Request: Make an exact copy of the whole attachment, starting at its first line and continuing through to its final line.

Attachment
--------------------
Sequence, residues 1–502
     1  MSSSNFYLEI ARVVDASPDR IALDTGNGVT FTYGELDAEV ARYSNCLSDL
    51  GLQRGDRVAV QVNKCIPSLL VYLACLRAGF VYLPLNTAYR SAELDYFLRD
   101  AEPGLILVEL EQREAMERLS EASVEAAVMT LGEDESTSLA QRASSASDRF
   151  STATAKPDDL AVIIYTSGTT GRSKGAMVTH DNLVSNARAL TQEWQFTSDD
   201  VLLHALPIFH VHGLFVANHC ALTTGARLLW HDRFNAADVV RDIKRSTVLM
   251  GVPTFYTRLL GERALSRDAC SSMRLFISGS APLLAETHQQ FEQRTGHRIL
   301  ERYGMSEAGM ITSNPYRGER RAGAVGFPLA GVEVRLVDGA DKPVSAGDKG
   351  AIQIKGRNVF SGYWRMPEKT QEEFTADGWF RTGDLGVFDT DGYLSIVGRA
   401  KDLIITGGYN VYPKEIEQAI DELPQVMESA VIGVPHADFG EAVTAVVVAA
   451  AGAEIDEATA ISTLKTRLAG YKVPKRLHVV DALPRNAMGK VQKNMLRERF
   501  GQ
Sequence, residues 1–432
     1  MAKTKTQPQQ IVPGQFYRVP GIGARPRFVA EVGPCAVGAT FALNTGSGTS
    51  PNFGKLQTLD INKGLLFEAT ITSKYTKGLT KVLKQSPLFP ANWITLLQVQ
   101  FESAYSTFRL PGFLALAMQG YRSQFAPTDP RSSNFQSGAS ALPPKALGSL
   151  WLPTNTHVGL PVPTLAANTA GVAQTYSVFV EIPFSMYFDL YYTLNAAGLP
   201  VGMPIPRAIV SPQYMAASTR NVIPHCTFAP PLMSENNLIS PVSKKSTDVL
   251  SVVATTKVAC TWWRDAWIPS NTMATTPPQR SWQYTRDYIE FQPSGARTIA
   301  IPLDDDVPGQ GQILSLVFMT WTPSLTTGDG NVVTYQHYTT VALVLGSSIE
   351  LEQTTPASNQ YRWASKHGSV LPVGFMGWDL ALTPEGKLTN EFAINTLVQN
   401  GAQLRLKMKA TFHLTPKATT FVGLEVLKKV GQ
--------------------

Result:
Sequence, residues 1–502
     1  MSSSNFYLEI ARVVDASPDR IALDTGNGVT FTYGELDAEV ARYSNCLSDL
    51  GLQRGDRVAV QVNKCIPSLL VYLACLRAGF VYLPLNTAYR SAELDYFLRD
   101  AEPGLILVEL EQREAMERLS EASVEAAVMT LGEDESTSLA QRASSASDRF
   151  STATAKPDDL AVIIYTSGTT GRSKGAMVTH DNLVSNARAL TQEWQFTSDD
   201  VLLHALPIFH VHGLFVANHC ALTTGARLLW HDRFNAADVV RDIKRSTVLM
   251  GVPTFYTRLL GERALSRDAC SSMRLFISGS APLLAETHQQ FEQRTGHRIL
   301  ERYGMSEAGM ITSNPYRGER RAGAVGFPLA GVEVRLVDGA DKPVSAGDKG
   351  AIQIKGRNVF SGYWRMPEKT QEEFTADGWF RTGDLGVFDT DGYLSIVGRA
   401  KDLIITGGYN VYPKEIEQAI DELPQVMESA VIGVPHADFG EAVTAVVVAA
   451  AGAEIDEATA ISTLKTRLAG YKVPKRLHVV DALPRNAMGK VQKNMLRERF
   501  GQ
Sequence, residues 1–432
     1  MAKTKTQPQQ IVPGQFYRVP GIGARPRFVA EVGPCAVGAT FALNTGSGTS
    51  PNFGKLQTLD INKGLLFEAT ITSKYTKGLT KVLKQSPLFP ANWITLLQVQ
   101  FESAYSTFRL PGFLALAMQG YRSQFAPTDP RSSNFQSGAS ALPPKALGSL
   151  WLPTNTHVGL PVPTLAANTA GVAQTYSVFV EIPFSMYFDL YYTLNAAGLP
   201  VGMPIPRAIV SPQYMAASTR NVIPHCTFAP PLMSENNLIS PVSKKSTDVL
   251  SVVATTKVAC TWWRDAWIPS NTMATTPPQR SWQYTRDYIE FQPSGARTIA
   301  IPLDDDVPGQ GQILSLVFMT WTPSLTTGDG NVVTYQHYTT VALVLGSSIE
   351  LEQTTPASNQ YRWASKHGSV LPVGFMGWDL ALTPEGKLTN EFAINTLVQN
   401  GAQLRLKMKA TFHLTPKATT FVGLEVLKKV GQ